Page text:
What about this unique sofa by Pierre Székely?
J.H. : I’ve always loved the offbeat angles of this piece and would love to add it to the entry of a client’s home.
>> Beginning his career as an engraver and poster artist, Székely understood art as a form of communication and he developed a language of signs that were to be read intuitively in the graphic context of his works. Though inspired early on by Surrealism, Székely soon dispensed with its psychological and literary aspects; choosing instead to create abstract, organic sculptures which allowed for a range of emotional responses rather than programmed interpretations. Their freeform quality and rounded shapes may by turns inspire delight, harmony or peace, like in this boomerang shaped sofa created for his project Le Bateau Ivre, Saint-Marcelin, France in 1953. This “Sculpture-Architecture”, medium was a pioneer and is today protected as a Historical Monument of France.
You also chose the set of “Les Palmes” by Francois Stahly, what drove you to this choice?
J.H. : These are just stunning in every way and would be a standout addition to any room.
>> As sculptor François Stahly became fascinated with natural formations and their hidden patterns, his sculptures began to take on an organic appearance, as this piece, and eventually he became one of the founders of Art Informel, which practiced a pure form of expressionistic abstraction. Les Palmes, amongst other series of sculptures like “La Foret de Tacoma” or “L’Été de la foret” expresses in Stahly an impulse toward the sky which translates his will to escape his taste for solitude while simultaneously expressing the desire to communicate with the cosmos world. Renowned in France with his large public project as the hallway of Maison de la Radio or his chimney across the Seine, the sculptor was also well established in the United States, where he worked for Nelson Rockefeller and taught at Berkeley, Aspen and Seattle universities.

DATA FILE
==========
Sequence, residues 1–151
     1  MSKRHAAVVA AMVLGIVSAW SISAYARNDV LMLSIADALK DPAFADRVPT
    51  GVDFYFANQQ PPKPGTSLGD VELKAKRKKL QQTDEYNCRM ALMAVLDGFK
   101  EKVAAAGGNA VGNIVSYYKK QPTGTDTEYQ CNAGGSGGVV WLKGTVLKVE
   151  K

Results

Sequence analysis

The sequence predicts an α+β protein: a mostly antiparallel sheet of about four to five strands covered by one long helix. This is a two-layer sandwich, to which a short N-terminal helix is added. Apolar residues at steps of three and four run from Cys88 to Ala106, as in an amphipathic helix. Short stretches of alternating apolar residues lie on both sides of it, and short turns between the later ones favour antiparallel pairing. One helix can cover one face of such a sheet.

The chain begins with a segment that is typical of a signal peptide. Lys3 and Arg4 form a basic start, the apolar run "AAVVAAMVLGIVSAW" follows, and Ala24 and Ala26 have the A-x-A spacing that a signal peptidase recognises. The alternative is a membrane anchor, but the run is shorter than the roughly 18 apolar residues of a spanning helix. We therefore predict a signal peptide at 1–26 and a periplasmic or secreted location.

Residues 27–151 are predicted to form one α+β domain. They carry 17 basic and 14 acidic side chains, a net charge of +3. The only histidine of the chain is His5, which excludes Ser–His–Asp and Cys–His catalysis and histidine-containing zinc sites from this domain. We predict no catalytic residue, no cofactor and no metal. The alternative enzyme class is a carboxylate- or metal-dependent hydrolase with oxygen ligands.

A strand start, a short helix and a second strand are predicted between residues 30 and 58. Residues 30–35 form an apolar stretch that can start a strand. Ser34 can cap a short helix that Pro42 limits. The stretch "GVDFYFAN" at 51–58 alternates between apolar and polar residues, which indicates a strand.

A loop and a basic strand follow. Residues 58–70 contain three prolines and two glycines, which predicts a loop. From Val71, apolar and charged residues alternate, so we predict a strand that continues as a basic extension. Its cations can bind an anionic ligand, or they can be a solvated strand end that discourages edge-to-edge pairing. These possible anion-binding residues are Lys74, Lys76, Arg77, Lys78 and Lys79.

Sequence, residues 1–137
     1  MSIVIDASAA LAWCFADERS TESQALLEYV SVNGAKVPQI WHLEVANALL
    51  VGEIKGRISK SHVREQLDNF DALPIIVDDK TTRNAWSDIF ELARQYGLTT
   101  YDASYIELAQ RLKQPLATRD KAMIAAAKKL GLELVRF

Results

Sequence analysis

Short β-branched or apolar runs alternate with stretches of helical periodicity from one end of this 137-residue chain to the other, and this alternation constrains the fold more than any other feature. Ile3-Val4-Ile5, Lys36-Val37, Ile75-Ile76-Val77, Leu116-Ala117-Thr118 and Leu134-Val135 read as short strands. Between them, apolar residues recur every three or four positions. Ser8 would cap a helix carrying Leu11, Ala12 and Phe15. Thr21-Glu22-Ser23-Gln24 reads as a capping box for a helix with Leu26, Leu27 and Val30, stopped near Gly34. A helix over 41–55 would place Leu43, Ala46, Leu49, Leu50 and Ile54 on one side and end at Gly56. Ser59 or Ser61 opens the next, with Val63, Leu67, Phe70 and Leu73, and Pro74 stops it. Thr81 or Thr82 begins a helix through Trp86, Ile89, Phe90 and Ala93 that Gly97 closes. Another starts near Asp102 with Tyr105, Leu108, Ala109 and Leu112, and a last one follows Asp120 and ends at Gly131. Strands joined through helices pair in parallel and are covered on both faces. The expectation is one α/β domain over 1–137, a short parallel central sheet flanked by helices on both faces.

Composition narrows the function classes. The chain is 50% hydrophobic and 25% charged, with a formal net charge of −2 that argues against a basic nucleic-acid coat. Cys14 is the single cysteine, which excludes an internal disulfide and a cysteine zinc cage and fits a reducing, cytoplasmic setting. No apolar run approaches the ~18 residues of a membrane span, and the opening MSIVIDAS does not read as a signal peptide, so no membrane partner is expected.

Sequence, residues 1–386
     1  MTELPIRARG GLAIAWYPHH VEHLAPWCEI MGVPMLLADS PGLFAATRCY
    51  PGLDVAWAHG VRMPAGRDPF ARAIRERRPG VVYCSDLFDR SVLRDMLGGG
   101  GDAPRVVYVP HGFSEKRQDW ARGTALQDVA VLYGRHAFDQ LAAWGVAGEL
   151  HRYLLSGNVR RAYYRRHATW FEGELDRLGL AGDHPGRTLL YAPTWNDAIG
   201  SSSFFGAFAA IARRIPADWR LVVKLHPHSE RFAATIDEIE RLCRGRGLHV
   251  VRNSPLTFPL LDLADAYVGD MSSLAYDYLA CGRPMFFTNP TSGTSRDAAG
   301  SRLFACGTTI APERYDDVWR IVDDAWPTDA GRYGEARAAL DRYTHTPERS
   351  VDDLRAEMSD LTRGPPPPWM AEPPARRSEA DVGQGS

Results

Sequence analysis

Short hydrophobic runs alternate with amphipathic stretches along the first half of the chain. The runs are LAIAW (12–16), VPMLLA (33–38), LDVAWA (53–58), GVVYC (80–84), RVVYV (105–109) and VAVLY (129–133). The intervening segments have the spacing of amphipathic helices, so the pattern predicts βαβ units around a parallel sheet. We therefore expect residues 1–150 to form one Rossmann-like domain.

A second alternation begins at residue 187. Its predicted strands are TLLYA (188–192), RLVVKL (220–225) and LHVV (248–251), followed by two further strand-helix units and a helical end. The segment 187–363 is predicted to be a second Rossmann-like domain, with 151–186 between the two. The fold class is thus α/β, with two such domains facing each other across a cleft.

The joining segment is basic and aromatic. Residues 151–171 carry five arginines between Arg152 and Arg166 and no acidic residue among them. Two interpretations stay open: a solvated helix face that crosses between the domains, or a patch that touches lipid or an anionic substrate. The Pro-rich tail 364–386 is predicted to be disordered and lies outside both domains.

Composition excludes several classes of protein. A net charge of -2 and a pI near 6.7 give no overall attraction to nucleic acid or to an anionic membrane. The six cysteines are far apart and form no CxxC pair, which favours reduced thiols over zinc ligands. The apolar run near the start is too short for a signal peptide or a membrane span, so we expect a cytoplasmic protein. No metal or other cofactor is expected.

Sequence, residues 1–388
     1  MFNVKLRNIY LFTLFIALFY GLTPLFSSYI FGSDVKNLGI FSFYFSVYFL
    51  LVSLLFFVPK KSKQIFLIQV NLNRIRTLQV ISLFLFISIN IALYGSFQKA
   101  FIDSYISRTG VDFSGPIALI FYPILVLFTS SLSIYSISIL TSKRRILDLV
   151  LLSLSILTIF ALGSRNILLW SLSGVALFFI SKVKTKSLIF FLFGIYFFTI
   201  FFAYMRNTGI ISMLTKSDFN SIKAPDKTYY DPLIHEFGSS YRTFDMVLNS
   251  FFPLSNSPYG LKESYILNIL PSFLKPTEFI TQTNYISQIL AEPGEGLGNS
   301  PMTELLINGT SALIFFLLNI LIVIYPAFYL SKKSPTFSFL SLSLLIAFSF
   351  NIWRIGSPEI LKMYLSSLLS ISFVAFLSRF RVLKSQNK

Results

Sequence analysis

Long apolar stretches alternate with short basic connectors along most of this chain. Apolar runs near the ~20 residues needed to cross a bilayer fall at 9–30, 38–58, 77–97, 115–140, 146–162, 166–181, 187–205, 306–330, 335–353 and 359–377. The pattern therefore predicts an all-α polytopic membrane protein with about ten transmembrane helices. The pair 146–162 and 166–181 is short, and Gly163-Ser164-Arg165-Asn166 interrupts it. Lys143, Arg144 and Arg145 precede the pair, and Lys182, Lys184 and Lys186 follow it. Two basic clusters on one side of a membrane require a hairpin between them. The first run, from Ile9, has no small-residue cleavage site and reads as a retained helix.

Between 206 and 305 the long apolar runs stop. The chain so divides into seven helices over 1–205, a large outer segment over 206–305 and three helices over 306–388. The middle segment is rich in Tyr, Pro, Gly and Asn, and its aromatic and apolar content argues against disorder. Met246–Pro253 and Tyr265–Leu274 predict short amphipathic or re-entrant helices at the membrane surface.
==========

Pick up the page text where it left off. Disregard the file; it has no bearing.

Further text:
You also picked the “LCII” sconce by Le Corbusier, which is quite radical in its design compared to the other pieces you selected. Why did you do so?
J.H. : I feel this can go anywhere from a kitchen to a living room. It adds wonderful character to a room.
>> The "LCII" wall sconce was designed by Le Corbusier between 1949 and 1952, which was also used in Amhedabad, India for the Mills Owner Association's building. Originally manufactured by the company Guilux (Paris, France) - which manufactured multiple models of Le Corbusier's lighting productions - they were however produced in India for the Ahmedabad project. In a notebook, Le Corbusier wrote: “Honesty of the wealthy – the Sarabahy (sic) stole the Guilux models from Shodan, ditto Mills Owners ditto” (1). Guilux was going to supply these wall lights and other light fixtures for the buildings in Ahmedabad, but ultimately the lights that were installed were made in India, following plans drawn by Le Corbusier. A drawing dated 1954 entitled “Chandigarh lights, list of fixtures” shows the full set of different lights made by Guilux. Variants with different sizes, fixations and protections feature in the Guilux catalog.